However there is one further point they. There is a differentiation made between "outcome studies", which can demonstrate the efficacy of psychotherapy or of a particular modality or method within psychotherapy, and scientific scrutiny of psychotherapy which can underwrite the scientificity of a particular method "only insofar as it is able to establish the events occurring within psychotherapy are most plausibly explained with reference to psychotherapeutic theories" (5).
They conclude that there is not in fact a general science of psychotherapy, but that there might be one in principle. The criteria for a future general unified science of psychotherapy are that:
(i) all psychotherapies possess a common data base;
(ii) there would need to be a consensus about methodological norms for evaluating hypotheses;
(iii) the criteria for falsification need to be spelt out;
(iv) testable predictions and retrodictions need to be deduced, so that it would be possible to test their theories against clinical data for rival psychotherapies.
They also acknowledge that the different psychotherapeutic approaches advocate different moral or ideological visions of human goals, and the existence of these differences might work against a general unified science.
Many of these views are picked up on in the EAP's own Official Journal by it's editor, Heward Wilkinson. He states: "At the heart of the dispute between the positivistic, and the hermeneutic, conceptions of science is a disagreement about the mystery of active causality. Perhaps both conceptions are one-sided. Theoretically, the causality 'we psychotherapists' presuppose as the scientific assumption of our work is one for which we have no consensus of a model. We might call it psychic or phenomenological causality. As psychotherapists we are in no better position to claim theoretical authority here, though probably no worse off, than anyone else." He continues: "Thus not even philosophers, let alone ourselves as psychotherapists, have a model of phenomenological causality, the causality which is our very trade, at the very heart of our enterprise and its manner of verification, and yet 'we psychotherapists' are often inclined to talk of 'scientific criteria' as if we all had an undisputed concept of what these are. It precisely is open to dispute; this question is not yet settled. As sign of this, all three traditions (existential phenomenologists & Kantians; empiricist positivists and common -sense philosophers (including Wittgenstein); objective idealists (modern Hegelians) and (their) unavowed successors) at odds with each other, have only limited dialogue." He concludes: "Where there are such fundamental disagreements National Umbrella organisations and the European Association for Psychotherapy, if they are to retain their claims to be inclusive, cannot afford to fall into the trap of occupying one model of science any more than one model of psychotherapy. The emphasis on dialogue, rather than forced integration, which is the ethos of this journal, is, with whatever difficulty and tension, also an expression of the ethos of the National Umbrella organisations and to the European Association for Psychotherapy. The cumbersome and difficult task of holding the diversity together is inescapable." (6)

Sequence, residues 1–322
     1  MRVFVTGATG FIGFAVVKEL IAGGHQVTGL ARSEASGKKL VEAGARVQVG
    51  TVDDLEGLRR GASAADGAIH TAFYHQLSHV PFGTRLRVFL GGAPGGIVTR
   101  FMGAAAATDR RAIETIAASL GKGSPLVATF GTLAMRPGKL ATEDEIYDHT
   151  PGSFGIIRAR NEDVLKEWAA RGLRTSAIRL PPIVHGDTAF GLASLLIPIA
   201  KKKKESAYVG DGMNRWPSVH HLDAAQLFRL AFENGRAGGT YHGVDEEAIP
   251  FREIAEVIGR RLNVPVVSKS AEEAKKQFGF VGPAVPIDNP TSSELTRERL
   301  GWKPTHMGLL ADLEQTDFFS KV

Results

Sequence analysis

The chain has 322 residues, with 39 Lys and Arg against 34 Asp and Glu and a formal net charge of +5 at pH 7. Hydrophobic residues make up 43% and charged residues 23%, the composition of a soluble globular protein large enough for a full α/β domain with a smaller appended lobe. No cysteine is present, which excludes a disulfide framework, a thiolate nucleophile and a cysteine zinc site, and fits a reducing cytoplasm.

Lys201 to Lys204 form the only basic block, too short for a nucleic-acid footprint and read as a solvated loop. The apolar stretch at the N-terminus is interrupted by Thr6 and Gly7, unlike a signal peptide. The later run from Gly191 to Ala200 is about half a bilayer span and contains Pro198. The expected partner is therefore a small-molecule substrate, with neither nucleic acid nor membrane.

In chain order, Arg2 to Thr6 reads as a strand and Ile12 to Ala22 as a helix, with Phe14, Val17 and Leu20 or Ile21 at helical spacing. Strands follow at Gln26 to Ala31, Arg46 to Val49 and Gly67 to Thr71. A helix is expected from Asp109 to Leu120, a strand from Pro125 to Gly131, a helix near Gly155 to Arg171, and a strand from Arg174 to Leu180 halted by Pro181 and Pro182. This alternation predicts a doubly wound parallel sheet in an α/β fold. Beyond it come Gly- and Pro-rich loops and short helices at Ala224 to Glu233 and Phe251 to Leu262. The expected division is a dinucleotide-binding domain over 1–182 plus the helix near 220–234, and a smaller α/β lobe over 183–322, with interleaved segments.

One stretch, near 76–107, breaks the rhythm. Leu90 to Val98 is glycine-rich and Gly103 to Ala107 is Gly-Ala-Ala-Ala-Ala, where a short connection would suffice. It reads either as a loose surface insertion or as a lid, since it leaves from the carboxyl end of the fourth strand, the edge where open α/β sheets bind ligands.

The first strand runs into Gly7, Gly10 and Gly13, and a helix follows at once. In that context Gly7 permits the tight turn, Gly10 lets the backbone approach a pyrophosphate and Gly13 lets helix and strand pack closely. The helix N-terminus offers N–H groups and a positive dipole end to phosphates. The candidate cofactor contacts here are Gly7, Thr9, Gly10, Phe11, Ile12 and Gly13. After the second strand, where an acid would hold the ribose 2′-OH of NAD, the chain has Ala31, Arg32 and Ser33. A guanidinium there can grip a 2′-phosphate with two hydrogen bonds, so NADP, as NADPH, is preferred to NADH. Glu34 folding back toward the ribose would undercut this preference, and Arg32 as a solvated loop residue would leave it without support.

We are sorry that we have had to go into these issues in depth, but they most definitively 'set the scene' for any discussion about the scientificity of psychotherapy and we can only answer the questions from the EAP's Scientific Committee about the scientific validity of Body Psychotherapy in the light of these above arguments. The next section also does not form part of the answers to the specific questions about the scientific validation of Body Psychotherapy. It also informs the scene, but much more in relation to Body Psychotherapy.
(1a) Haynal A. 1991: Psychanalyse et science face à face. Mezieu: Cèsura Lyon Edition; and Haynal A. 1993: Psychoanalysis and the Sciences: Epsytemology - History. San-Francisco: University of California Press.
(1b) Mario Schlegel, Swiss NUO representativeto EAP, in a private e-mail.